The last time OSHA issued regulations for the construction of transmission and distribution installations, gasoline was 55 cents a gallon and “Deep Throat” was the talk of Washington and Hollywood.
Earlier this week, the agency announced that it plans to update the construction and general-industry standards for workers performing electric-power generation, transmission and distribution work. OSHA issued the standards in 1972.
"This long-overdue update will save nearly 20 lives and prevent 118 serious injuries annually," OSHA Administrator Dr. David Michaels said. "Electric utilities, electrical contractors and labor organizations have persistently championed these much-needed measures to better protect the men and women who work on or near electrical power lines."
OSHA said it is revising the construction standard for electric-power line work to make it more consistent with the corresponding general-industry standard and is making some revisions to the construction and general-industry requirements.
The updated standards for general industry and construction include new or revised provisions for host and contract employers to share safety-related information with each other and with employees, as well as for improved fall protection for employees working from aerial lifts and on overhead line structures, the agency explained.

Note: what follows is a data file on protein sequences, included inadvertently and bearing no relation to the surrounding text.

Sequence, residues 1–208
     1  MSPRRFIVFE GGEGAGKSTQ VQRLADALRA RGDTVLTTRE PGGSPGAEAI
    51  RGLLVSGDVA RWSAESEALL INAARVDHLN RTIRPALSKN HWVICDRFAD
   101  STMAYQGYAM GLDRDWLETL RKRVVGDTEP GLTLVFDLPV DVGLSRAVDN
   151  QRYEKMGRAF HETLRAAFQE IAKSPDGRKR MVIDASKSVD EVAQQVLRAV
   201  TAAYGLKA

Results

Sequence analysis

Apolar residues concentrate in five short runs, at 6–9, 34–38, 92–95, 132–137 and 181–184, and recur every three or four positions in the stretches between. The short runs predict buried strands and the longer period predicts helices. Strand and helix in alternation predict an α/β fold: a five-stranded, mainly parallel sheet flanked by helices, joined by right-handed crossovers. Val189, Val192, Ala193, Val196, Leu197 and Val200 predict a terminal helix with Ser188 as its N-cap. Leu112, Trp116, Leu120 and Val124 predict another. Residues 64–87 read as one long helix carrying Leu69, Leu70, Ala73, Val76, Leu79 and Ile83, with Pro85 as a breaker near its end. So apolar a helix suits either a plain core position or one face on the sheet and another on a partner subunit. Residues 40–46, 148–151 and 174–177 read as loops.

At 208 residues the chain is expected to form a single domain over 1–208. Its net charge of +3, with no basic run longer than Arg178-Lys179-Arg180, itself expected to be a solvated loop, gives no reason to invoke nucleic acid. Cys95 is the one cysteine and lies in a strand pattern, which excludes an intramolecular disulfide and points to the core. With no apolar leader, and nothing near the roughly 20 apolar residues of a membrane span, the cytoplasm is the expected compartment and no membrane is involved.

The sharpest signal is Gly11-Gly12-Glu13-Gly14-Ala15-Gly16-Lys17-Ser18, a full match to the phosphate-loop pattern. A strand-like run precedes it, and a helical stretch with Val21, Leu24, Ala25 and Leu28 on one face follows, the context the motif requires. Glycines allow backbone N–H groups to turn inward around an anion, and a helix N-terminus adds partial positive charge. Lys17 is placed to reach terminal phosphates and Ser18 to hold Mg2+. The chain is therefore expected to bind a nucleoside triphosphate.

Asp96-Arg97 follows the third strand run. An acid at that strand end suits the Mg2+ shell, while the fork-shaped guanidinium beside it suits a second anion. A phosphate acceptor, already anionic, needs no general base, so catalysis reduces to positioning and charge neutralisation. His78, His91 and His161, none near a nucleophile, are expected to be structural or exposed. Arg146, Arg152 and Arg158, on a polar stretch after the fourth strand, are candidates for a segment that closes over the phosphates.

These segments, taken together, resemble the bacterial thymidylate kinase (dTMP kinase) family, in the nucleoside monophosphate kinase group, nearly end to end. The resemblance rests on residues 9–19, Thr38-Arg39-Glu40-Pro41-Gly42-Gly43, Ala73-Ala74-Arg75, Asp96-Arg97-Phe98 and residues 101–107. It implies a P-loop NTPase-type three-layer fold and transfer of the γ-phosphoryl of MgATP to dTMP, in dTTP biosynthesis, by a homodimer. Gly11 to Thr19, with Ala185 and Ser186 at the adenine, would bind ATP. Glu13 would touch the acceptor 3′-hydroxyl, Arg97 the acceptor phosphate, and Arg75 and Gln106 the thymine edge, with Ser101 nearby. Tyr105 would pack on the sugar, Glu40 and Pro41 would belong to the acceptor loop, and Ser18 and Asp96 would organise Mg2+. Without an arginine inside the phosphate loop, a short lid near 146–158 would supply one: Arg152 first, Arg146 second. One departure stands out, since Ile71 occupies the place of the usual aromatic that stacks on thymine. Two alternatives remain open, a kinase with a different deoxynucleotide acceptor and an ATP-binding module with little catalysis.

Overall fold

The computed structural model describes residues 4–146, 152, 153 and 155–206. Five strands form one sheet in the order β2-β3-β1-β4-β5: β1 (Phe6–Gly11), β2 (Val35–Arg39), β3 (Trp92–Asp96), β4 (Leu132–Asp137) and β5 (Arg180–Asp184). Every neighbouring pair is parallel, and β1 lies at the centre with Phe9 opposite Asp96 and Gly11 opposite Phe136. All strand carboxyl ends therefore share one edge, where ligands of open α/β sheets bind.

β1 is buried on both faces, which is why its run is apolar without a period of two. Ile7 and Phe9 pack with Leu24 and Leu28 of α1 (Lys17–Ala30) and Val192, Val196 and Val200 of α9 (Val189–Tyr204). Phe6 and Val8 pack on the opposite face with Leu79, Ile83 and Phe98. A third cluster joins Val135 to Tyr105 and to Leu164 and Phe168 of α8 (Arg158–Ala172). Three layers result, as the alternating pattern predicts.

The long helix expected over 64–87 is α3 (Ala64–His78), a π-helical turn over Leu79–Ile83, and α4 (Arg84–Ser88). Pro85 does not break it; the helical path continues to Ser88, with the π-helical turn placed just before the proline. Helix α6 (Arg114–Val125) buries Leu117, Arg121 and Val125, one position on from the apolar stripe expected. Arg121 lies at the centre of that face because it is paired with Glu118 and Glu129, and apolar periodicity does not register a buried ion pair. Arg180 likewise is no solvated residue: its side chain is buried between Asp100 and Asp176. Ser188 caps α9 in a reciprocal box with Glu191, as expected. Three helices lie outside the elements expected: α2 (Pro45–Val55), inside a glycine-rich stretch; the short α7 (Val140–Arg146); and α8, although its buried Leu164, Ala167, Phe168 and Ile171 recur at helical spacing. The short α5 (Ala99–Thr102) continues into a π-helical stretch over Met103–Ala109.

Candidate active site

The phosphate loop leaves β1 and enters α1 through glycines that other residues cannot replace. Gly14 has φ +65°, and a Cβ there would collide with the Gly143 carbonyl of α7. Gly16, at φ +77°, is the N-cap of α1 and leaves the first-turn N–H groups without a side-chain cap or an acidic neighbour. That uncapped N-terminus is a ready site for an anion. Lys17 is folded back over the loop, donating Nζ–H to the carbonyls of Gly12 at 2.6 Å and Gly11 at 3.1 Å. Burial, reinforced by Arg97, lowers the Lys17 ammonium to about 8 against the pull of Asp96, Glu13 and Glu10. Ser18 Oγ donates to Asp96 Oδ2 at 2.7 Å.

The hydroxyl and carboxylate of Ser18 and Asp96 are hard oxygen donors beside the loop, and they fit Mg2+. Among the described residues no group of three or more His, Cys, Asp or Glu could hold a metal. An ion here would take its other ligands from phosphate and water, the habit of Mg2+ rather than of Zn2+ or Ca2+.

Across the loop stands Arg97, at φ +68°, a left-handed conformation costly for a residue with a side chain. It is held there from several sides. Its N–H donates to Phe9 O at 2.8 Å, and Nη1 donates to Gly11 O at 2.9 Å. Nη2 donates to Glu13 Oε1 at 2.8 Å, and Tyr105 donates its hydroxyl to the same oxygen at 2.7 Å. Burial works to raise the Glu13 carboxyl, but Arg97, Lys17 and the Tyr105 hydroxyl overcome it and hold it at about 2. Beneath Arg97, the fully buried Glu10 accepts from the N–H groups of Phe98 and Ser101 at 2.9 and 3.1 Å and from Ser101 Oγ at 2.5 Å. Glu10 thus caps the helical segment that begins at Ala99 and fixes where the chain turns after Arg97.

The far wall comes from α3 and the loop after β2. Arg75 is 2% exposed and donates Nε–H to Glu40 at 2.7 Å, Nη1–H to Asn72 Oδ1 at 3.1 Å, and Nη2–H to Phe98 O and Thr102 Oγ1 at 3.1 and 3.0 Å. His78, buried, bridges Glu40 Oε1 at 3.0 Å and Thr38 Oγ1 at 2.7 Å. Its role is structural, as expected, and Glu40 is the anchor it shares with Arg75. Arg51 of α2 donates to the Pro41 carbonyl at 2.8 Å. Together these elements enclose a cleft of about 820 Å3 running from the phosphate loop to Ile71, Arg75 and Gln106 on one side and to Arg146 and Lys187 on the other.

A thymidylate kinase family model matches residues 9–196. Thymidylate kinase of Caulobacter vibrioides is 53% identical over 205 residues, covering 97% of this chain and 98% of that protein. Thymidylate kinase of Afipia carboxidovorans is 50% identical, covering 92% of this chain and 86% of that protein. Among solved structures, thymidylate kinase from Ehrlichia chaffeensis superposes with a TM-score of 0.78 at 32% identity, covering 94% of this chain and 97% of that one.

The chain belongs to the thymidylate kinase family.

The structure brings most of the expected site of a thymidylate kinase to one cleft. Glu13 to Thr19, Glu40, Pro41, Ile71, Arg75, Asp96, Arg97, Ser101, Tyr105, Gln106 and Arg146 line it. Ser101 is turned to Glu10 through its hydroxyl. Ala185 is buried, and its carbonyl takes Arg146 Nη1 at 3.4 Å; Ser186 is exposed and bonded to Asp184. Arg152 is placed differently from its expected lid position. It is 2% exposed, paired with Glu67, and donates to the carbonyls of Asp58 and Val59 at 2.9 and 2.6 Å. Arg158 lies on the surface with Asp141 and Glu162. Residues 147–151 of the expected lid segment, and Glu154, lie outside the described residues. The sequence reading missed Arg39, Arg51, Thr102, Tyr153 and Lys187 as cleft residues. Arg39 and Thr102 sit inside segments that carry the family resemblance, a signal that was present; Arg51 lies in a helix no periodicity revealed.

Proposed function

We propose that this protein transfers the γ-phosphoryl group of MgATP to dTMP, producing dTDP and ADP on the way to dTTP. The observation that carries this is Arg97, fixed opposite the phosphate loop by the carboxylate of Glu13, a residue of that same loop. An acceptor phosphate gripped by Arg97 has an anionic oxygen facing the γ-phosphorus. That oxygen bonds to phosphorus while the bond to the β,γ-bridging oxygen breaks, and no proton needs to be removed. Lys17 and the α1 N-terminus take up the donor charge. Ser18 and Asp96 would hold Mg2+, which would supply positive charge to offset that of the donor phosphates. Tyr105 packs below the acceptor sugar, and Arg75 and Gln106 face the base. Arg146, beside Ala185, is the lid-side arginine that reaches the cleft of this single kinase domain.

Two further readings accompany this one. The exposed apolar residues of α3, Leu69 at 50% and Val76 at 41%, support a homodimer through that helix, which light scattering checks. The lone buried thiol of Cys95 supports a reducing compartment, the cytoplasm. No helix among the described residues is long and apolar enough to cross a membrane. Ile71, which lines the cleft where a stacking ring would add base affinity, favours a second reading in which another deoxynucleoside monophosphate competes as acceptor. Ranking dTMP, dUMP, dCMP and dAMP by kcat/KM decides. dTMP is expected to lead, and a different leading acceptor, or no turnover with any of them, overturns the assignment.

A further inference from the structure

In addition, the standards adopt revised approach-distance requirements to better ensure that unprotected workers do not get dangerously close to energized lines and equipment. The final rule also adds new requirements to protect workers from electric arcs, according to OSHA.
The final rule will include revised standards for electrical protective equipment in general industry and construction.
“The new standard for electrical protective equipment applies to all construction work and replaces the existing construction standard, which was based on out-of-date information, with a set of performance-oriented requirements consistent with the latest revisions of the relevant consensus standards,” OSHA said.
The new standards address the safe use and care of electrical protective equipment, including new requirements that equipment made of materials other than rubber provide adequate protection from electrical hazards.
OSHA estimates that the final rule will result in “monetized benefits” of $179 million annually, with net benefits equal to about $130 million annually.
The final rule becomes effective 90 days after publication in the Federal Register. OSHA noted that it adopted delayed compliance deadlines for certain requirements.